Past is prologue

I’m working on a project right now …


I’d call it a commission, but as I have declined any monetary compensation, it is better considered a gift.
The full story will be told later, but this is the back story of its making (quite literally, as this is indeed the back) …


I am stitching eyelet initials on a vintage handkerchief, which is most likely linen. Originally I was attempting to stitch the initials in an imitation of the font on a wedding invitation, but the results looked amateurish. I tried and tried with every fiber in my cloth pantry: fine linen thread, cotton floss, plied silk untwisted into a single strand. I tried split backstitch and plain backstitch. I tried different fonts. Nada.
It had everything to do with the handkerchief. So after a design consult with my oldest daughter, I decided to go back to my colonial marking stitch roots and headed out to stock up on supplies. Seeking the finest silk possible, I asked for direction from a helpful employee at Needleworks in Austin. Peering at the proffered handkerchief she opined “70 count?”
“Probably,” I replied (while making a mental note to check the count later) and then went on to select four silks and three needles to try …


The John James needles, usually my go-to needles of choice, were quickly eliminated. Likewise the first three silks, of which one was too white, another too fuzzy, the third too heavy. The last silk tried was best, hugging the gossamer strands of the (confirmed) 80-count handkerchief. Even so, the crossed stitches sat too high on the cloth.
And so, eyelets … each composed of eight stitches … each stitch ideally worked over three gossamer strands of the handkerchief … or two, or four (it’s hard to tell sometimes) …


The camera focus shuddered on this last image, moving in and out, much as my eyes do while working. Thank goodness I’m as near-sighted as I am. Even so, I can’t work more than a few hours at a time. I’m on day four or five at this point.
All this (and the full story yet to be told) awakened me this morning with a thought. So I pulled out the wicker basket in the back of our closet, dug down to the bottom, and unfolded a sheet-wrapped bundle to try this on …


I can honestly say I weigh the same as in 1977, but these days the zipper couldn’t possibly be closed without tearing something. Sadly, gravity and childbearing seem to have moved significant portions of my anatomy south.

So I’ll leave you with this vintage image instead …

and a promise to tell more of how this project came to be … later, when it is done.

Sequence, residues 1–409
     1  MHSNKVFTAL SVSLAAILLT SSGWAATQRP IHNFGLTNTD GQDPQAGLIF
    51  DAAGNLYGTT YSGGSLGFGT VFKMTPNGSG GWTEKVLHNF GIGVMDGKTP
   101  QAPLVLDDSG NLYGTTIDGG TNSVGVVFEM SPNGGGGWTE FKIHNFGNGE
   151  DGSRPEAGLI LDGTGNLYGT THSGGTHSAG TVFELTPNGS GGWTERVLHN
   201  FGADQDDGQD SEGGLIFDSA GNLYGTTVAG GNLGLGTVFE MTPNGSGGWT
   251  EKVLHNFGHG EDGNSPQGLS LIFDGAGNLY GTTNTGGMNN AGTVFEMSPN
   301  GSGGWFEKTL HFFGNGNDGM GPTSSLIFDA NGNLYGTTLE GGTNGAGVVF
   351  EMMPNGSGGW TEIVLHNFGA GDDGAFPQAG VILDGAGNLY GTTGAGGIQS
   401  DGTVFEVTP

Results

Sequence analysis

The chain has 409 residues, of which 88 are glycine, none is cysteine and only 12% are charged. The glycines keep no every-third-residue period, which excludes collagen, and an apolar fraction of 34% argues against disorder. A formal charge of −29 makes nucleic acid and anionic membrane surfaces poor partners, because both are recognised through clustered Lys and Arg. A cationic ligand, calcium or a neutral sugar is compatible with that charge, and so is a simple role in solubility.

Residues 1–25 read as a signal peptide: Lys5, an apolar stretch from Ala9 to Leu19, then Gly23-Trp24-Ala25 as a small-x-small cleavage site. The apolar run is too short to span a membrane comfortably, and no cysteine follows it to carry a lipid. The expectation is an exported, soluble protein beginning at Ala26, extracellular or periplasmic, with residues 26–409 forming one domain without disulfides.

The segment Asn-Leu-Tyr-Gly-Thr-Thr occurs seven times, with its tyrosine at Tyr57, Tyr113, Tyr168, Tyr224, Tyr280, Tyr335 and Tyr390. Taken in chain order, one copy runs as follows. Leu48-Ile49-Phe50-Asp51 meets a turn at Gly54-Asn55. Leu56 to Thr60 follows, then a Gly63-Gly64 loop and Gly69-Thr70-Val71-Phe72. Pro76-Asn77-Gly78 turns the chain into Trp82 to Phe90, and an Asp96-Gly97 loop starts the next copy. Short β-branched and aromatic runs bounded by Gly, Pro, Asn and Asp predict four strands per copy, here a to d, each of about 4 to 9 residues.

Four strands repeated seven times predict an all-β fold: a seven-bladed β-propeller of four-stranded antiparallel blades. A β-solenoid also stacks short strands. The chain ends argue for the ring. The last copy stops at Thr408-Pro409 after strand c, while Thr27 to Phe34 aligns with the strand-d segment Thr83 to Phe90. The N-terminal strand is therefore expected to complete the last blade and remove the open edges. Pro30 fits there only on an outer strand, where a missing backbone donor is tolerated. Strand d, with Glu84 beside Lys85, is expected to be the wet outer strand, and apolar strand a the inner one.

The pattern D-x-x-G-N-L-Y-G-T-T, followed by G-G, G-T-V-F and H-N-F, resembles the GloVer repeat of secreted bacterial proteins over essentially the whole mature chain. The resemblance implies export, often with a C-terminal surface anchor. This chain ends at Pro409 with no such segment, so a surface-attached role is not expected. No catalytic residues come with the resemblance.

16 thoughts on “Past is prologue

  1. wow such lovely fine work, doesn't it make you marvel at all those historic pieces in museums made before electric light but by young eyes i think. A little at a time is a good eyedea! Take care.


  2. Louise – once upon a time I actually needle-worked at the living history museum in Williamsburg, so I have first-hand experience with the challenges of stitching without modern day electrical lighting. If you're intrigued, you can follow the marking stitch link in the post to learn a bit more.


  3. Good gravy, my eyes hurt just reading about this project. Your eye for and commitment to detail is amazing. Sweet photo of the two of you. Nothing about my dress would fit anymore, sigh.


  4. Oh, Liz, what a sweet post. You and Don have not changed a bit – SMILE! Looking forward to hearing the story connected with this precious cloth.


  5. Hazel – when I used to work at Colonial Williamsburg I would tell onlookers that it was as much about a sense of touch as a sense of sight Sue – well now, there is the minor matter of Don’s beard … ha!


  6. Wow! 80 count! There is no way my eyes, patience or 'feel' (as you say) could tackle that! I continue to wonder how Jude can split a single strand. A marvel. This photo is charming and brings back memories of my 1979 wedding day in what I call my \”Little House days\” calico wedding dress, which no part of me could fit into. Every now and then I wonder what the heck I should do with that dress!


  7. Nancy – whatever you do, please don't let your wedding dress go. There will be something it calls to be a part of someday. I do wish mine had been calico rather than the synthetic whatever that it is. And sadly, though I remember trying on my mom's wedding gown (which in no way fit), I have no idea what happened to it after that.


  8. Liz~ It is so funny…all I can see right now is STUFF and I want it gone. I was so tiny on 7-7-79, and no one in my family is anything close to Little House Days…I just don't need the dress. I would love to donate it to someplace that would use it, even though the collar is a bit faded after all these years. All of this makes me chuckle because now, in my later years I am loosing my sense of sentimentality for my need of simple. Perhaps I'll show a picture of it. xo


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